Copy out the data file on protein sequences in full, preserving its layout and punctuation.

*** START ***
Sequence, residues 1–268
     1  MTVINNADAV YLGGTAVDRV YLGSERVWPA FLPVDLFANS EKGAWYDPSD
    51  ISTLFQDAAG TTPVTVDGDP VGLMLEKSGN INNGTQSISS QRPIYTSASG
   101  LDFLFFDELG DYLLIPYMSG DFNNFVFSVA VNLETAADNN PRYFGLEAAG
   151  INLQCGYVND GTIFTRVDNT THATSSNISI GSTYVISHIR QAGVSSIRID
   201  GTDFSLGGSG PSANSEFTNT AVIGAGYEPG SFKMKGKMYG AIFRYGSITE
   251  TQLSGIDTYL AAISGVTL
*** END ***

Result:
Sequence, residues 1–268
     1  MTVINNADAV YLGGTAVDRV YLGSERVWPA FLPVDLFANS EKGAWYDPSD
    51  ISTLFQDAAG TTPVTVDGDP VGLMLEKSGN INNGTQSISS QRPIYTSASG
   101  LDFLFFDELG DYLLIPYMSG DFNNFVFSVA VNLETAADNN PRYFGLEAAG
   151  INLQCGYVND GTIFTRVDNT THATSSNISI GSTYVISHIR QAGVSSIRID
   201  GTDFSLGGSG PSANSEFTNT AVIGAGYEPG SFKMKGKMYG AIFRYGSITE
   251  TQLSGIDTYL AAISGVTL